Another Kenyan headed for big league football
When Kenya’s football history books are finally written, Dennis “the Menace” Oliech will not doubt claim his space as the player who broke the glass ceiling in a major European league.
That was back in 2005 when Oliech signed for French Ligue 1 side FC Nantes in January 2005 after an illustrious three-year stint with Qatari top tier side Al-Arabi.
That move, which at the time was met with lots of excitement in the Kenyan press, opened the doors for Kenyan players to break the barrier that had long prevented them from venturing into elite European leagues.
Next was the immensely talented MacDonald Mariga who, in August 2007, landed in Italy on loan to Serie A side Parma from Swedish club Helsingborgs.
The player, who was once touted as the next Patrick Vieira, would later go on to sign for Italian giants Inter Milan with whom he bagged an unprecedented treble — including the prestigious UEFA Champions League title in May 2010 — under the watch of then coach Jose Mourinho.
His younger brother Victor Wanyama would soon follow suit becoming the first Kenyan to play in Scotland and later England with a big money move (estimated at Sh 1.7 billion) from Celtic to Southampton.
With the success of the ‘big three’, it therefore comes as no surprise that another player with Kenyan roots — Divock Origi — is showing strong signs for another milestone of becoming the first player of Kenyan descent to sign for a top English side.
According to the English press, Origi, who will be celebrating his 19th birthday Tuesday, has become the object of great interest from London powerhouse Arsenal and 18-time English champions Liverpool.
Both teams are reportedly monitoring the youngster with a view of signing him.
The young Origi, a Kenyan-Belgian who turns out for French Ligue 1 side Lille, is the son of former Kenya international striker Mike Okoth.
The youngster has been at the French club since May 2010 and despite being limited to cameo appearances, he has scored five league goals this season.
His impressive performance, more so his composure in front of goal, has impressed both Wenger and Liverpool boss Brendan Rodgers who are reportedly scouting him.
The heightened speculation has left pundits debating on whether Origi, who is a member of one of Kenya’s greatest football dynasties could become the next “big thing” for Kenya in European football.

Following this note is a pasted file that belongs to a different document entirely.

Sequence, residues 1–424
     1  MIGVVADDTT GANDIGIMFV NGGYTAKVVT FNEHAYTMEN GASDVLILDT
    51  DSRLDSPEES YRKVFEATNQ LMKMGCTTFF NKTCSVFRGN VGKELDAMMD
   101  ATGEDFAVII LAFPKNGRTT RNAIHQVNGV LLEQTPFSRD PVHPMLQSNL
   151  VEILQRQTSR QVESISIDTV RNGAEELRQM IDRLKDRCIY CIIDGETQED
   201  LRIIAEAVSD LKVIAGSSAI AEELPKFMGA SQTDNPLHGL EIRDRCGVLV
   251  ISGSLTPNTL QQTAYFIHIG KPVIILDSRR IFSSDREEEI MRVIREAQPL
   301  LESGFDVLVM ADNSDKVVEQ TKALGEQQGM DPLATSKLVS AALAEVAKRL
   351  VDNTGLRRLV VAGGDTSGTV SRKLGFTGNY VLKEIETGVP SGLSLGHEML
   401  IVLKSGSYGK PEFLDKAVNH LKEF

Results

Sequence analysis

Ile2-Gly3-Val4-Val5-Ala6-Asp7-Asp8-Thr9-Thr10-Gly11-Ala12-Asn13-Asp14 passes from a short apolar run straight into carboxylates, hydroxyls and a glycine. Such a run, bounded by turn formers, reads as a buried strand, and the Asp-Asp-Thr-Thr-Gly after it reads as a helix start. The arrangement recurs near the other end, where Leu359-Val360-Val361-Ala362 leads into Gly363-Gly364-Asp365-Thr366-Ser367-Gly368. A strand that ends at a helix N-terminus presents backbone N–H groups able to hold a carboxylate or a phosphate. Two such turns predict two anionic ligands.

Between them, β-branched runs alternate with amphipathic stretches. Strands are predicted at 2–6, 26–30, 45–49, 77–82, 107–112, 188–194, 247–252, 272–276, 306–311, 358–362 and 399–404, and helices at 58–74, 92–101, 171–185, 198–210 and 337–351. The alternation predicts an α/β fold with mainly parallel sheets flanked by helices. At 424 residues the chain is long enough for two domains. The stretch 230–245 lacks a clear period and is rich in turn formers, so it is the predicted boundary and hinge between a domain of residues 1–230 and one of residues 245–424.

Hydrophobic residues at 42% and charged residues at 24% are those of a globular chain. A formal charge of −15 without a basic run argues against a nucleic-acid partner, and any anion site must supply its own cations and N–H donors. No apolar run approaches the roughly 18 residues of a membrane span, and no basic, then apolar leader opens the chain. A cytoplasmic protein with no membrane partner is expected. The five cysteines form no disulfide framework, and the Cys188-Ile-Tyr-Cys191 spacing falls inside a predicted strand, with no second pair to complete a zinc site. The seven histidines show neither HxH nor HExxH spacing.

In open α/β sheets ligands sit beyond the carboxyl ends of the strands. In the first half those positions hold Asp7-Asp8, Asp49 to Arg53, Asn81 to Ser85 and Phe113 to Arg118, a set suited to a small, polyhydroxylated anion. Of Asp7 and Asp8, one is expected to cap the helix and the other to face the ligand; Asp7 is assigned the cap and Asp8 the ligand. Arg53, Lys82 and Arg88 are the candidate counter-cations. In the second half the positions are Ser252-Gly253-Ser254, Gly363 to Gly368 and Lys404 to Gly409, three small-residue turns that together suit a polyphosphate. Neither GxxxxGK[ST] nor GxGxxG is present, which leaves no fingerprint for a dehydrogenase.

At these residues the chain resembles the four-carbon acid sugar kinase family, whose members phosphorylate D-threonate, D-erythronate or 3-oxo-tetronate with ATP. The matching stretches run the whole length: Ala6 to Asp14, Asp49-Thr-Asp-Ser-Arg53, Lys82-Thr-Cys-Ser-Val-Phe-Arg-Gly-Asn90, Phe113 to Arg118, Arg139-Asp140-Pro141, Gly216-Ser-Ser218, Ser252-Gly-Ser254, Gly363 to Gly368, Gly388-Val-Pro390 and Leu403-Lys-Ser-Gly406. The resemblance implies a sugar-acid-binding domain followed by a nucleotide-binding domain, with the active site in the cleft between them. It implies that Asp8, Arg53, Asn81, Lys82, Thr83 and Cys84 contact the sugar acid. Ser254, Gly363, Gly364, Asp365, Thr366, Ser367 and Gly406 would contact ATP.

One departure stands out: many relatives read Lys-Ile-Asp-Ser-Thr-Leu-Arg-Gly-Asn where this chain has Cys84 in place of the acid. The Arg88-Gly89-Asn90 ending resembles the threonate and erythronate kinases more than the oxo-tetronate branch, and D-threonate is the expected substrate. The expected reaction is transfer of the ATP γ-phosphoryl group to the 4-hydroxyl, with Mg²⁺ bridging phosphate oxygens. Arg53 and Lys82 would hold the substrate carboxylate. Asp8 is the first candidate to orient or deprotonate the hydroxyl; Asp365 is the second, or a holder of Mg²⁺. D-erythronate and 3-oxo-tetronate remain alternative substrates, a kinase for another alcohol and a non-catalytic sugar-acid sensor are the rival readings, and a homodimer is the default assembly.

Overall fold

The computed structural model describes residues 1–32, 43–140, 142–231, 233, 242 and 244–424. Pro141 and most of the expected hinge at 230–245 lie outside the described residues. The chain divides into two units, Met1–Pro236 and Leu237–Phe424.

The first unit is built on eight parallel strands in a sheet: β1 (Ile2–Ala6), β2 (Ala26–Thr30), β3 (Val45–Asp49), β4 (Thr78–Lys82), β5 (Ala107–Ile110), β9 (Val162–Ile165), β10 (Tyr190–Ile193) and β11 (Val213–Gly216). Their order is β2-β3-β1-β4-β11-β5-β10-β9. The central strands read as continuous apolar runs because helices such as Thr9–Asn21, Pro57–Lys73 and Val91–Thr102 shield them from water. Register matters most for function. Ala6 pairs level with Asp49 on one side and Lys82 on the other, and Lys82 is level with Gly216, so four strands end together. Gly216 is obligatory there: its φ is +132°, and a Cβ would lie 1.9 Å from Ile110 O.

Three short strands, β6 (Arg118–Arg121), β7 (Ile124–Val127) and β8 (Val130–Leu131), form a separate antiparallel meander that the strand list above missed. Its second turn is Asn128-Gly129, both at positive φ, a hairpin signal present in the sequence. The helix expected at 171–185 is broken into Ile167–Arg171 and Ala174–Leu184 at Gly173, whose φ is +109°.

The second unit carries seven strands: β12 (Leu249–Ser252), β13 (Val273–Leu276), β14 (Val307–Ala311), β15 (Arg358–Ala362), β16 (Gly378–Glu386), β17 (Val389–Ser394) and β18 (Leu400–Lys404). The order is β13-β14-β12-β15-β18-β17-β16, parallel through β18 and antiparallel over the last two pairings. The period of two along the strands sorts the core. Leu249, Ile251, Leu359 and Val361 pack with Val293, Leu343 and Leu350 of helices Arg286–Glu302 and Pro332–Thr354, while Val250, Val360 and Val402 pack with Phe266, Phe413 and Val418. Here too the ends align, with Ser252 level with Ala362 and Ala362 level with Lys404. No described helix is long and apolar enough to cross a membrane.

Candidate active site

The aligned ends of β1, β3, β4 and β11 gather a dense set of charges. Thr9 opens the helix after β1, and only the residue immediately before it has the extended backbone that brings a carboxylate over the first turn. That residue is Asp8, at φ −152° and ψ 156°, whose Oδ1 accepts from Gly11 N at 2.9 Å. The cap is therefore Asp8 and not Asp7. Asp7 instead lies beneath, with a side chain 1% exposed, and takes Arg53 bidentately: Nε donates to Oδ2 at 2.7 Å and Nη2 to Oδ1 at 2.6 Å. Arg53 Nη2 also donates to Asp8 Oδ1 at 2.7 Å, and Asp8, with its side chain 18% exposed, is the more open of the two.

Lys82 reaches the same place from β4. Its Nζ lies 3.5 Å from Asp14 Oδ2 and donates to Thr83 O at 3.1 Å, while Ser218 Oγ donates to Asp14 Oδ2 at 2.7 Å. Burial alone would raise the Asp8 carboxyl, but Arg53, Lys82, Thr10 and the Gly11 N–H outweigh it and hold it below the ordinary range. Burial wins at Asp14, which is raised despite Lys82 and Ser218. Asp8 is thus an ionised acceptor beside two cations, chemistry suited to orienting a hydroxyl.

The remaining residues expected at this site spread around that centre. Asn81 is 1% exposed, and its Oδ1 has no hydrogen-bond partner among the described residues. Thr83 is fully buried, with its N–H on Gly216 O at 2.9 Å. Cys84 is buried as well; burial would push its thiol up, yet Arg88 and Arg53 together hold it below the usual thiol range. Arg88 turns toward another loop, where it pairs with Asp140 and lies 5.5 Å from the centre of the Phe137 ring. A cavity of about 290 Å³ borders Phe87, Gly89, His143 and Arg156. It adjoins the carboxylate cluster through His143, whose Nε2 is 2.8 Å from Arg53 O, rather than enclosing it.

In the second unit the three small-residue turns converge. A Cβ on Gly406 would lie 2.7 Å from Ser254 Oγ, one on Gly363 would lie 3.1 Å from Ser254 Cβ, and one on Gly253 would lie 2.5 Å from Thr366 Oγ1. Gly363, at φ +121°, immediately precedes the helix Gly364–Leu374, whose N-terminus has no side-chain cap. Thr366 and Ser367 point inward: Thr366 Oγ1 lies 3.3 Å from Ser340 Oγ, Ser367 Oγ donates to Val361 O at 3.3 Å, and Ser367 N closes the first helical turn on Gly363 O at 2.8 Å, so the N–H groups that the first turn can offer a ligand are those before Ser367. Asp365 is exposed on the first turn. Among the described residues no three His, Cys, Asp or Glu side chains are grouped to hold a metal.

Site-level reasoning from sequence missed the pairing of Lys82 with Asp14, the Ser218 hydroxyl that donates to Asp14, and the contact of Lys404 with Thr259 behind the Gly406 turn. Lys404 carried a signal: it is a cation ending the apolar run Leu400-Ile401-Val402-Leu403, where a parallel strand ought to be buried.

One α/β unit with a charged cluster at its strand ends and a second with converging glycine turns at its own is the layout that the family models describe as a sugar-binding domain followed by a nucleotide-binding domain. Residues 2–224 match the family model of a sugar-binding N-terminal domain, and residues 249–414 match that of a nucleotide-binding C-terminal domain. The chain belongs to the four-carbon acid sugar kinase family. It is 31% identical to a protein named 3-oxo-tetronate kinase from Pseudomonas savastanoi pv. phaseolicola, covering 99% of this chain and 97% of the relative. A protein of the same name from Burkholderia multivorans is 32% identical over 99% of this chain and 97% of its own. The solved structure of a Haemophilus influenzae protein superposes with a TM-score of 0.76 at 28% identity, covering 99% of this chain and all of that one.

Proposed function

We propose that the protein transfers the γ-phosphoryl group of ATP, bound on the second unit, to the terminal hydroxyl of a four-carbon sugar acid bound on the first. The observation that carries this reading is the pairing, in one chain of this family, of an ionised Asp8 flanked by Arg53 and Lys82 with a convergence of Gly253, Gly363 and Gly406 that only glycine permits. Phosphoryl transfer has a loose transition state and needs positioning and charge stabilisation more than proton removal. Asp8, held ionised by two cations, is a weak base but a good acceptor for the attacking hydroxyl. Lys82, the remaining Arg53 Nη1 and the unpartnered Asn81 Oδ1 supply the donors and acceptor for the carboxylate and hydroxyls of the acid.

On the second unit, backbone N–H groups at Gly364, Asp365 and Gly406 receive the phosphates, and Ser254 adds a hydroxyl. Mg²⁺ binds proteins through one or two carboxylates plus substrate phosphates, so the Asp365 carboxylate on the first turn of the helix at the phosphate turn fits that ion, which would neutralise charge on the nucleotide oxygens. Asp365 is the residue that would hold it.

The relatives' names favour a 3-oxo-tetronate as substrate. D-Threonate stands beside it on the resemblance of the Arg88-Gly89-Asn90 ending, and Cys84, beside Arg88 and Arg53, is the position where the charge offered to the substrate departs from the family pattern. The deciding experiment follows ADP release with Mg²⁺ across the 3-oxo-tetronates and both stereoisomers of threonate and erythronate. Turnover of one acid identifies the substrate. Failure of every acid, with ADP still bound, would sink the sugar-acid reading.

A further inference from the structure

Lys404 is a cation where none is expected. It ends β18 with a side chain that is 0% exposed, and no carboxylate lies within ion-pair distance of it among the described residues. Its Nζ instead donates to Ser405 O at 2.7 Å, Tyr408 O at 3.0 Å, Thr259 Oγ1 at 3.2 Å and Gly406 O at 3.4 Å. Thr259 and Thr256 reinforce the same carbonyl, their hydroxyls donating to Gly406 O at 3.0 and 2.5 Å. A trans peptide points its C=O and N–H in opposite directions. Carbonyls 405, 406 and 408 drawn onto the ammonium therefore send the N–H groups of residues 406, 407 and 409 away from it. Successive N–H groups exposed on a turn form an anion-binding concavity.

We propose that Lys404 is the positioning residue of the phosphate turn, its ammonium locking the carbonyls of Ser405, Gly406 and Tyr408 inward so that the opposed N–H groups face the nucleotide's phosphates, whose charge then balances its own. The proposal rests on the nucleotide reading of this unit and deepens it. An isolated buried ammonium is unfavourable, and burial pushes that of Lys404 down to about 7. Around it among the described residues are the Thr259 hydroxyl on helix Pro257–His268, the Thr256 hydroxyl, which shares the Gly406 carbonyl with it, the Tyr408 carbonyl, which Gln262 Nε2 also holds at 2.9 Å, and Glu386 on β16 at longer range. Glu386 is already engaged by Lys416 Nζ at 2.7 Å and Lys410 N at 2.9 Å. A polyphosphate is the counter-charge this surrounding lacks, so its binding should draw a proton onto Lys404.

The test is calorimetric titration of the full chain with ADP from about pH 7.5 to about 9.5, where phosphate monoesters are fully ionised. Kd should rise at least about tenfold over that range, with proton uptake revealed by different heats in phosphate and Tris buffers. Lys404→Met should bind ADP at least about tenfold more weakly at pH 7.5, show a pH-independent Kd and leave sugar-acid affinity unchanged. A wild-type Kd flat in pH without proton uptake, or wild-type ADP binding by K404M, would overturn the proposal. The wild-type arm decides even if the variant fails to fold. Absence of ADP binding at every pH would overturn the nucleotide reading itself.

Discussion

Ever since Origi came into the limelight, his uncle Austin Oduor, a former Harambee Stars and Gor Mahia captain, has always played his cards close to his chest over the possibility of the youngster revoking his Belgian passport for the Kenyan colours.
On Wednesday Oduor reiterated his earlier sentiments that the youngster should not be hurried into making up his mind on whether or not to accept a national team call up.
“Divock is a young boy who is still honing his skills at the professional stage. Everything has got its time,” the former central defender who skippered Gor Mahia to victory in the Africa Cup Winners Cup (Mandela Cup) in 1987 told the Daily Nation.
However, Odour’s views not shared by many. Former Harambee Stars coach Zedekiah ‘Zico’ Otieno, who once played alongside Origi’s father, is one such person with divergent views.
“I know Divock very well. I was a very close friend of his father even before he was born.
Having grown up in Europe, his affinity to his adopted motherland is understandable. But in life opportunities come once and I would advise him to seize the chance once it comes along,” Otieno said.
Zico, a former Harambee Stars right back, who coincidentally also played with Divock’s uncle Austin Oduor during the latter’s sunset days at Gor Mahia avers that although the youngster has a choice of either lining up for Kenya or Belgium, lack of professionalism and the shambolic state of the Kenyan game could eventually put him off.
“There is a huge gulf in the way European national teams are run and the way we do things here. We cannot lure such talent as Divock unless we change the way we conduct business,” he said.
Citing the case of Cote d’Ivoire and Ghana which sometimes back dissuaded star players Salomon Kalou and Kevin-Prince Boateng from taking up foreign citizenship and turning out for their respective countries of origin, Otieno said the two West African nations have better structures compared to Kenya.
“Both Ghana and Cote d’Ivoire have been to the World Cup in the past and they will also be in Brazil this year.
Their rich footballing history is a carrot they can dangle to lure players tempted to take foreign citizenship,” Otieno said.
Kalou, Origi’s teammate at Lille, was born in Abidjan, Cote d’Ivoire but at one time considered changing citizenship to Dutch while Boateng was at one time a prospect for the German national team.
It is a situation that Origi could find himself in soon. Born in Oostende, Belgium to Kenyan parents, the youngster has represented Belgium at all junior levels but still qualifies to play for the Kenya’s senior national team.
And although Kenya, unlike the World Cup bound Belgium, Kenya might not play at the global showpiece any time soon, Origi’s growing stature will only whet Harambee Stars coach Adel Amrouche’s appetite to draft him into his squad.
Whichever way it goes, Origi has already inscribed his name in Kenya football folklore.
If luck is on his side, in future he could as well be mentioned in the same breath as Oliech, Mariga and Wanyama while his family will be remembered for its immense contribution to Kenyan football.-nation.co.ke